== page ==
In addition to file systems designed to avoid fragmentation, both Linux and macOS also introduce a delayed space allocation strategy, where they delay disk writes as much as possible through buffers, which not only reduces the probability of swiping the disk, but also increases the probability of files being written to adjacent blocks, however, this mechanism is not without side effects, and more data may be lost in case of a system power failure or crash.
If fragmentation does occur on the disk, the Linux and macOS file systems will attempt to move the fragmented files without the need for additional defragmentation tools, which provides a much better user experience than manually triggering time-consuming defragmentation. macOS’ HFS+ system also supports real-time defragmentation, which is triggered when the following conditions are met.
- files less than 20 MB.
- the file is stored on more than 8 blocks.
- the file has not been updated in the last minute.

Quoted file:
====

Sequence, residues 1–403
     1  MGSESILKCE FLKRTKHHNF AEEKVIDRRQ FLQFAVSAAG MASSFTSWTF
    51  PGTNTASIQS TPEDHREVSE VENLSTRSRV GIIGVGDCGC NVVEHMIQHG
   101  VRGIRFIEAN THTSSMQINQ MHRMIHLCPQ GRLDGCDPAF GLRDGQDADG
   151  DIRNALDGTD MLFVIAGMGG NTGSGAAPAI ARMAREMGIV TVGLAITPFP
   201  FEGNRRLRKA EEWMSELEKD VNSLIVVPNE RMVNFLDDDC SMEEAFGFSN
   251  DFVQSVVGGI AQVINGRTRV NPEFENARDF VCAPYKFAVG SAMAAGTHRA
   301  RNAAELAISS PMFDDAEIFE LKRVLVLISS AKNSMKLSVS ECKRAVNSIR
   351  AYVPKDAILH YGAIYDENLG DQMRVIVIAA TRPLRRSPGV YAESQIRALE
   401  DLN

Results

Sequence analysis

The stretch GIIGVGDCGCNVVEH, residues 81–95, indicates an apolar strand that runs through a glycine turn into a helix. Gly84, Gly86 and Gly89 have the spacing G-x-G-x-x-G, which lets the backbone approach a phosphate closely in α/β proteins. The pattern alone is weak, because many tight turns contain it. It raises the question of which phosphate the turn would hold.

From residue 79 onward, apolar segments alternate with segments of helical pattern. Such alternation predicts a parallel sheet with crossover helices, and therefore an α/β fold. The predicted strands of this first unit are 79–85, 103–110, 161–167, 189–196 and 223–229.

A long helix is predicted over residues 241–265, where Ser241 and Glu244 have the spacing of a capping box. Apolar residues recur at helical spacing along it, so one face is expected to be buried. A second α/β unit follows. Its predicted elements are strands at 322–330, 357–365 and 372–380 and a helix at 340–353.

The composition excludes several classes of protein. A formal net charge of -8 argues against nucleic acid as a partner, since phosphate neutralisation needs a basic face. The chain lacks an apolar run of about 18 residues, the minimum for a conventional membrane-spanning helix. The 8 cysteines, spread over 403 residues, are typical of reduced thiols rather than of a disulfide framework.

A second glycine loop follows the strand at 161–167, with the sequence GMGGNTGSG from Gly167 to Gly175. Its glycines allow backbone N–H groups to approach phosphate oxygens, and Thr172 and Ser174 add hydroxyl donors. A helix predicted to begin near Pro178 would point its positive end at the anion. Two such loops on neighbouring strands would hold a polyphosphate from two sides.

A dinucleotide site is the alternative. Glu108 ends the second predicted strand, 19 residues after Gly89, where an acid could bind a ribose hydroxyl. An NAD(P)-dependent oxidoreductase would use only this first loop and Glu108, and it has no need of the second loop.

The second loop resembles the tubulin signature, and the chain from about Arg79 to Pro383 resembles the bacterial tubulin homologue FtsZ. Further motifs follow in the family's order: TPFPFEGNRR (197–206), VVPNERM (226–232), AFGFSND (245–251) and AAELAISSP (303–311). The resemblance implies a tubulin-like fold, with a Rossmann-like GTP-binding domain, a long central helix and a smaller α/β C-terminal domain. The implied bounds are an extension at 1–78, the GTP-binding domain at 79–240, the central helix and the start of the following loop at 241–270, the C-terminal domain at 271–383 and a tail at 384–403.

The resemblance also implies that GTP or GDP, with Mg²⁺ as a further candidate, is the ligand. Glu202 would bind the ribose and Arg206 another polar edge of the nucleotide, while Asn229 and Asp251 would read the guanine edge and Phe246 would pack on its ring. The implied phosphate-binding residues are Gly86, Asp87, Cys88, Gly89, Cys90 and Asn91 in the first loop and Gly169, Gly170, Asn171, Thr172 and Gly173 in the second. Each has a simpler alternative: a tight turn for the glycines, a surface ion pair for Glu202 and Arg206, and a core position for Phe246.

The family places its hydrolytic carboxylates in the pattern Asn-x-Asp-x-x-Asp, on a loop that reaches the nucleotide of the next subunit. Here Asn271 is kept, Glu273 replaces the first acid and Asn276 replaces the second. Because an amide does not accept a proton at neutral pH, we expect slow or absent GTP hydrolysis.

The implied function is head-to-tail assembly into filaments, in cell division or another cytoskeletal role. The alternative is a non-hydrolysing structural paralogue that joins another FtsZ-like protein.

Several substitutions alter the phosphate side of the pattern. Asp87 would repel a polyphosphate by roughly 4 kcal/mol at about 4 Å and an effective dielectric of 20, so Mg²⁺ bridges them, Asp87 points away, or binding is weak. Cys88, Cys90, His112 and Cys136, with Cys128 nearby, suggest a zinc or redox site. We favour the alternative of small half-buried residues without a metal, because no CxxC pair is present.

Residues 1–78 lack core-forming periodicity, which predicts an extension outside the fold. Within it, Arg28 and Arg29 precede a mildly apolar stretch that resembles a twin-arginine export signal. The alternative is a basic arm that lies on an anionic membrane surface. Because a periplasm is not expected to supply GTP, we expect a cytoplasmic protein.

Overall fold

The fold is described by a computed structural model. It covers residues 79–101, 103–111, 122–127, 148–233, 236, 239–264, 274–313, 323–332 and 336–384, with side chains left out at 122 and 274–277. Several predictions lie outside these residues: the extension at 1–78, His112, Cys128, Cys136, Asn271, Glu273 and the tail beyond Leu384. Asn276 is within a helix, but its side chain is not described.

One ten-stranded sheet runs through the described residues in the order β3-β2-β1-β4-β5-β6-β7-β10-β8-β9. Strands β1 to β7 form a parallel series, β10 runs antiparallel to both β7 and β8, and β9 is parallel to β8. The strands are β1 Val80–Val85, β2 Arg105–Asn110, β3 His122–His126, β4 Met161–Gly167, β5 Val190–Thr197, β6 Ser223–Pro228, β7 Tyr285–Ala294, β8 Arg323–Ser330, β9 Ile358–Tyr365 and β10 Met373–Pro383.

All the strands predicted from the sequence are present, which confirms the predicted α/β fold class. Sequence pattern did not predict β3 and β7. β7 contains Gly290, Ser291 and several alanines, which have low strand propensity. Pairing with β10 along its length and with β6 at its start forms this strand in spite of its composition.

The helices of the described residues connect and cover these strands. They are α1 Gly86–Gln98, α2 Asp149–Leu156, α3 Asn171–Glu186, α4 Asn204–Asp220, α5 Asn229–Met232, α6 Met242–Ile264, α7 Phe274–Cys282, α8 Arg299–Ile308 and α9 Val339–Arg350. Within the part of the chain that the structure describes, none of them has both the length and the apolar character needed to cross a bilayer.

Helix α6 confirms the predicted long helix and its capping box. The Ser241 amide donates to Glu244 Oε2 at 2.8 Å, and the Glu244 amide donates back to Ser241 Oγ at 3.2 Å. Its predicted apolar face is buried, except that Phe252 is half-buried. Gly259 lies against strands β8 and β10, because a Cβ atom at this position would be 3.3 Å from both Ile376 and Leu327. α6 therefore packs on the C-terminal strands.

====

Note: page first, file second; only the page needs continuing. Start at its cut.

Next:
- the system has been booted for three minutes.
In most cases, the percentage of disk fragmentation in these operating systems is very low and fragmentation starts only when the disk is running low on space, so at that point we actually need a bigger disk or a newer computer, not to defragment the disk.
Solid State Drives
Solid state drives have actually been a storage medium for three decades, but they have not been popular in data centers and personal computers because they have been very expensive in the past. Even today, the price of mechanical disks has a significant advantage over solid state drives.
New storage media brings new features and performance, as we introduced in a previous article, because of the mechanical structure of a mechanical hard drive, its random I/O and sequential I/O performance can differ by hundreds of times, defragmentation can merge data scattered on the disk into one place, and the reduction in the number of random I/O will naturally improve the performance of reading and writing files.